When the going gets tough, your team will hold you up
by Leigh Reynolds, FSHD Society
Army Command Sgt. Maj. Gretchen Evans earned the highest rank an enlisted soldier can achieve. She was responsible for all security and personnel in Afghanistan, overseeing more than 30,000 ground troops, until enemy fire left her with a brain injury, PTSD, and total hearing loss, ending her 27-year career in the military. CSM Evans had lost her purpose and found herself in deep despair.
Eventually, Evans connected with other survivors and formed Team Unbroken, made up of mixed-ability athletes. She persuaded a skeptical TV producer to let them compete in the World’s Toughest Race: Eco-Challenge Fiji. Their feats were filmed for a documentary that is streaming on Amazon Prime Video.
We had the honor of meeting CSM Evans when she gave the keynote at our 5th Annual Volunteer Leadership Summit on a February morning at the Chicago Airport Hilton. It was frosty outside, but inside our meeting room, everyone was on fire. Sixty of our volunteer leaders from across the US and Canada gathered in person and on Zoom for two days of intensive learning, heartfelt camaraderie, open collaboration, and a little bit of fun.
Evans shared how she fought her way back to a meaningful life when she found her “rope team” who, like members of a rock-climbing team, commit to standing firm and holding you up when you need it most. She urged our own mixed-ability fighters to “find your rope team.”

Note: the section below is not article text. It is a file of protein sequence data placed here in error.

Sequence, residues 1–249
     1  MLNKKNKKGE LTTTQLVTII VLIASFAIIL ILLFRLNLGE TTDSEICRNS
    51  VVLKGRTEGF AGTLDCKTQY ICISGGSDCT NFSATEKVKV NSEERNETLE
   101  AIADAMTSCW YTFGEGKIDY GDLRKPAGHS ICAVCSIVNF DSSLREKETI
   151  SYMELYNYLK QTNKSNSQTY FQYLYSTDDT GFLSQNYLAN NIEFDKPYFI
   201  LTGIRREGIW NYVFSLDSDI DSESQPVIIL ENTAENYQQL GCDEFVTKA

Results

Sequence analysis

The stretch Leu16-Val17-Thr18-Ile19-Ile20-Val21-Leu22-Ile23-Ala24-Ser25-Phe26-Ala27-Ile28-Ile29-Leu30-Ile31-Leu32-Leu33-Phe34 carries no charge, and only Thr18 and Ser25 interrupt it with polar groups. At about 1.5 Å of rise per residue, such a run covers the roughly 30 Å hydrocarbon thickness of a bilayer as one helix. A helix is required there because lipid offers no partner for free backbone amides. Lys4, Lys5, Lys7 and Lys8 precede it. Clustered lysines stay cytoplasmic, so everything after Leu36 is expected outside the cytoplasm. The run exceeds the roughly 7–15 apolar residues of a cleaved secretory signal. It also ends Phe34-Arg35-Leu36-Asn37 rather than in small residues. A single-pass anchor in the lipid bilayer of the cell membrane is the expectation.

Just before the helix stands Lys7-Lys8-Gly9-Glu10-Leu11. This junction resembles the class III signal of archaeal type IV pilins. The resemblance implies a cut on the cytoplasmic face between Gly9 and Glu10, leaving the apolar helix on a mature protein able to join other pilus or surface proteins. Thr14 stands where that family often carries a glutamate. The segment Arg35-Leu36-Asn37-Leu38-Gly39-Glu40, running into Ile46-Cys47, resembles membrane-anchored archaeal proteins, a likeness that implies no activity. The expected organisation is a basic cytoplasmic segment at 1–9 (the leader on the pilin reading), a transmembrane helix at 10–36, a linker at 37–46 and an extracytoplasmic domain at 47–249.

“If someone slips, the rest of us pick you up,” she explained. “There’s safety and accountability in that. You have to be connected to other people in your life who are committed to you.”
Bringing the FSHD community together, literally and figuratively, is one of our highest priorities. When people form connections, they become a more informed, engaged, and empowered community – individuals with FSHD living a better life, together. An engaged community of patients and families will lead to better understanding of FSHD and faster progress toward treatments and ultimately a cure.
Our staff and volunteer leaders leaned into this theme in their presentations. Gregg Lichtenstein from our Wellness Hour spoke about the value of social capital, and how the benefits of social connection can be intangible, but are immensely powerful (see his essay on page 7.) Ally Roets from our Early-Onset chapter spoke of the critical need to engage the whole community, not just parents, to ensure our kids are not left behind.
“In a weird sense, I feel grateful to have been diagnosed with FSHD,” Heloise Hoffmann wrote afterward. “It brought me this community that feels like a family: advocating for one another, sharing strengths, leaving no one behind, and perhaps most importantly, fearlessly forging ahead as a rope team despite a daunting mission.”
We each benefit from having others to help us navigate this life. Our volunteer leaders have found their rope team in each other, and they in turn are helping their local communities build theirs. If you haven’t found your rope team, reach out to your local chapter. There is no better time.